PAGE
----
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The 10 Ireland players in danger of missing the second Denmark game through suspension

James McClean and Darren Randolph are among the individuals on a yellow card from previous games.

James McClean is one of 10 players who could potentially miss the second leg against Denmark.
James McClean is one of 10 players who could potentially miss the second leg against Denmark.
Image: SIPA USA/PA Images

ONE OF THE big talking points in Monday’s Ireland-Denmark press conference was the possibility of players missing the second leg of the game at the Aviva Stadium through suspension.

In addition to long-term absentee Seamus Coleman, Ireland are already without Sean Maguire, James McCarthy, Richard Keogh and Jon Walters owing to injury, while David Meyler is suspended for the first leg of the upcoming game in Copenhagen, having picked up a second yellow card of the campaign against Wales in Cardiff.

Though he was hopeful the player would be available, Martin O’Neill was yesterday unable to confirm that Jeff Hendrick would be fit in time for the first leg, having come off injured after 65 minutes of Burnley’s Premier League clash with Southampton at the weekend.

Consequently, Ireland have enough problems as it is, so they could do without being depleted further for their vital home fixture with the Danes.

Those potentially absent for the game on 14 November include Ireland’s entire first-choice back five.

The full list of players who will miss the second leg against Denmark if they pick up a booking in the first game are as follows:

  • Darren Randolph
  • Cyrus Christie
  • Shane Duffy
  • Ciaran Clark
  • Stephen Ward
  • Glenn Whelan
  • Harry Arter
  • Aiden McGeady
  • James McClean
  • Daryl Murphy

Speaking at yesterday’s press conference, Ireland manager Martin O’Neill lamented this issue, and suggested bookings should not carry through from the group stages to the play-offs. He added that this situation was one of the downsides to playing the second leg at home, despite having the return fixture at the Aviva generally being perceived as an advantage for the Boys in Green.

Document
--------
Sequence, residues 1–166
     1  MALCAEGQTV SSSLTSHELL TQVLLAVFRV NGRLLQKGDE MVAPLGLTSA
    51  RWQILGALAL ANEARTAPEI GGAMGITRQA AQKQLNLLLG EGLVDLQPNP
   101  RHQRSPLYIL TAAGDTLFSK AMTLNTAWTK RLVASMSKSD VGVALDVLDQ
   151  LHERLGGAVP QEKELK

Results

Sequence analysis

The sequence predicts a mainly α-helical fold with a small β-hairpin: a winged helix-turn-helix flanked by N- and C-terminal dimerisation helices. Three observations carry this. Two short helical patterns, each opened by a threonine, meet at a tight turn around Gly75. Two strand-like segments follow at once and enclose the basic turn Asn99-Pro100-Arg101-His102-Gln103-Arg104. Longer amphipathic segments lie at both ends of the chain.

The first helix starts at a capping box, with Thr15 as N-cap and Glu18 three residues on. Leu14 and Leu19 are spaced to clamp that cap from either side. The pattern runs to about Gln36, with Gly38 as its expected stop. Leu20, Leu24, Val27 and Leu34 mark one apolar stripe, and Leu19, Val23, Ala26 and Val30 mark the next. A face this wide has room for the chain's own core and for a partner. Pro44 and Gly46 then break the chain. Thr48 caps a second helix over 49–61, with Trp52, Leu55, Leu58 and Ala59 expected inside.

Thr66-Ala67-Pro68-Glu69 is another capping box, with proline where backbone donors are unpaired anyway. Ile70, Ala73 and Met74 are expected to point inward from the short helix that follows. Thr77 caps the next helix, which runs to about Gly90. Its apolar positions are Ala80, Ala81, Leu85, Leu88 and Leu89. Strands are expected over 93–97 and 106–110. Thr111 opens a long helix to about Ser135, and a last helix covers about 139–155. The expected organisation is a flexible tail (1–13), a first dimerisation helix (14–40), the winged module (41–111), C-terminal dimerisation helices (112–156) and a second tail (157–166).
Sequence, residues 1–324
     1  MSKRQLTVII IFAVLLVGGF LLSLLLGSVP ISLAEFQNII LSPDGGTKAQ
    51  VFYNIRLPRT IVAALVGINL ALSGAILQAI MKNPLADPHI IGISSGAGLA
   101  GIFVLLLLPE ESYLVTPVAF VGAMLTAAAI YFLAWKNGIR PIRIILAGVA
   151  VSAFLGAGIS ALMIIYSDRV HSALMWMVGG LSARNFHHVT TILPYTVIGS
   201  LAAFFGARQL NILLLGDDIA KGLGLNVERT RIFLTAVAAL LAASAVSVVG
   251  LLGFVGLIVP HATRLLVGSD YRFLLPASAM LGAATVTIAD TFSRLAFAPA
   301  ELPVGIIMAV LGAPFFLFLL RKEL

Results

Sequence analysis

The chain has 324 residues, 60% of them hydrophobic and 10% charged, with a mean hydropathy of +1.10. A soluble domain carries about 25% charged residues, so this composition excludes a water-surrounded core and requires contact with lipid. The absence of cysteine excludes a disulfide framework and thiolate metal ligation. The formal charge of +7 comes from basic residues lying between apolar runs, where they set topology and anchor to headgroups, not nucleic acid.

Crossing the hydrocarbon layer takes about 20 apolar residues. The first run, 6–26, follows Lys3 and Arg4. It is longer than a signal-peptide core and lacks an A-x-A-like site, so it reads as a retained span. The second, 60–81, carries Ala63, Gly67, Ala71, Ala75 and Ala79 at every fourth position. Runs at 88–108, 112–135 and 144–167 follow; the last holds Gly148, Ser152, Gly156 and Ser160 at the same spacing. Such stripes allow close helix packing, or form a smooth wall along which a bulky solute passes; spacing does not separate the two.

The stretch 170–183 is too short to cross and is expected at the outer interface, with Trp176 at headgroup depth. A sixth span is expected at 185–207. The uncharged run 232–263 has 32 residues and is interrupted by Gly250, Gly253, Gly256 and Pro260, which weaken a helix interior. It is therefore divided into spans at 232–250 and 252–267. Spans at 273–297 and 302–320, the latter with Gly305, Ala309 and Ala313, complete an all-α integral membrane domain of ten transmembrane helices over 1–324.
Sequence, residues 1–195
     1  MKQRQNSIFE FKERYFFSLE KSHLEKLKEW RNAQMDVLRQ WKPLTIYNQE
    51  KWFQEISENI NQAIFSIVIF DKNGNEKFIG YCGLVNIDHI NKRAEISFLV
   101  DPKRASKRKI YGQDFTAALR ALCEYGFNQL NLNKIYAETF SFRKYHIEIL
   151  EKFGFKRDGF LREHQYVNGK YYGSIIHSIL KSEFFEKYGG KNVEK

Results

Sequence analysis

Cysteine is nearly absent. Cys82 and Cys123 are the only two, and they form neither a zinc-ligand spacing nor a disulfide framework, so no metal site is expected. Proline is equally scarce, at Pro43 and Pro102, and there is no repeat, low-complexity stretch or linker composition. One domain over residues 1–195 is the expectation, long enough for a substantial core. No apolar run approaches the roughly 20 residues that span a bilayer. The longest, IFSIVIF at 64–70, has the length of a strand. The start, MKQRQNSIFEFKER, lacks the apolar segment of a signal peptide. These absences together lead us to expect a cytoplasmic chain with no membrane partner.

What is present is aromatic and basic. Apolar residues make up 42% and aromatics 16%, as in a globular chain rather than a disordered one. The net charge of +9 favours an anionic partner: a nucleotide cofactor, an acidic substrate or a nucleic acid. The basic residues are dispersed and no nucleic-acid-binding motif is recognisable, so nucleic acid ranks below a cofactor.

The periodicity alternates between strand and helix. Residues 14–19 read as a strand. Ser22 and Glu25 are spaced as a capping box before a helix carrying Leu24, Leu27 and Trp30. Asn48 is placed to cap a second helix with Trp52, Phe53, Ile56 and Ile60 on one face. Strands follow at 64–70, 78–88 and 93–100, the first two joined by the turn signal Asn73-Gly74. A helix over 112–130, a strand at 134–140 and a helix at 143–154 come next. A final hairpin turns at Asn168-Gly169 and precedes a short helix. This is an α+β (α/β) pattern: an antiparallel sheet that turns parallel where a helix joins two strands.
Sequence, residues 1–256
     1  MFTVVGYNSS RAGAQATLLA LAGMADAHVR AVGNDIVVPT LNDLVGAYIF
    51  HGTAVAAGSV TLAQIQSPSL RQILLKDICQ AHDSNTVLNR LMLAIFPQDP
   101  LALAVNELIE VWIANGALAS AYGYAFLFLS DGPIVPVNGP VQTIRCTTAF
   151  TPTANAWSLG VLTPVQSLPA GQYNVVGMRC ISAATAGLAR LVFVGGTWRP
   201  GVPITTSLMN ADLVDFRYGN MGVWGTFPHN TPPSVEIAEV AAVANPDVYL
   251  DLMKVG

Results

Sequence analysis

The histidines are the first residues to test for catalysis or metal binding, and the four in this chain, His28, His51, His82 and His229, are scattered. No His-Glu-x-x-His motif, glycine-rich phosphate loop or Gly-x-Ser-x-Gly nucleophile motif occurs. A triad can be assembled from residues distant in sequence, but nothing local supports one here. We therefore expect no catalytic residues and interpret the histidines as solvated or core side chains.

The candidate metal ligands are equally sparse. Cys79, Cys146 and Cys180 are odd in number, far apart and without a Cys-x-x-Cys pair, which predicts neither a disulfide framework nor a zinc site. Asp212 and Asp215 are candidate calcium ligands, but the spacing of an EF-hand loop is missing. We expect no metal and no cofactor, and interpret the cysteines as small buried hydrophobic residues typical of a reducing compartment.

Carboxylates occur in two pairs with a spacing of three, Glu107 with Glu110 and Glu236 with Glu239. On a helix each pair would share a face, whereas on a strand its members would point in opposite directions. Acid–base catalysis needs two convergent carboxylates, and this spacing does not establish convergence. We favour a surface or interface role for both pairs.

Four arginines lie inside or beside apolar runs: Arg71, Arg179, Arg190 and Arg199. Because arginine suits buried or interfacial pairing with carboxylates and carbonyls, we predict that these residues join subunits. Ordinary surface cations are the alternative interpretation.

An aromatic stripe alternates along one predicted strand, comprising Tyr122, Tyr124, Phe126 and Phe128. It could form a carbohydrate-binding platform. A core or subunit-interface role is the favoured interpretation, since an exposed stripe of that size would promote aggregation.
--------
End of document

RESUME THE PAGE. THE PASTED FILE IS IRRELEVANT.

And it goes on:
“I don’t think it’s possible to be able to deal with it, because players who are on yellow cards have to be careful, but even players who feel as if they are going strongly for a period of time, they might pick it up,” the Ireland boss said.

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“It seems a wee bit strange to have 10 games (in qualifying) and then find out (yellow cards still carry over into the play-offs).

To have played 10 games, if you’d asked both countries, they’d have accepted an armistice and turned around and said: ‘Scrap the yellow cards (rule).’

“But it’s there. It happens. And almost inevitably, you’re going to lose some players with the second yellow.”

Meanwhile, one of those individuals on a booking, Ciaran Clark, said that himself and others must not go into the Copenhagen game feeling unduly concerned about the possibility of picking up a yellow card and missing out on the match in Dublin three days later.

“We can’t go out there worrying about (yellow cards). We want to try to avoid silly bookings, but you’ve got to put that to the back of your mind and try to play our normal game.

“We’ll play the first game and see what happens. There’s real competition through the squad. So if someone gets suspended, there’ll be someone else there to come in and play the second game.”

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Paul Fennessy

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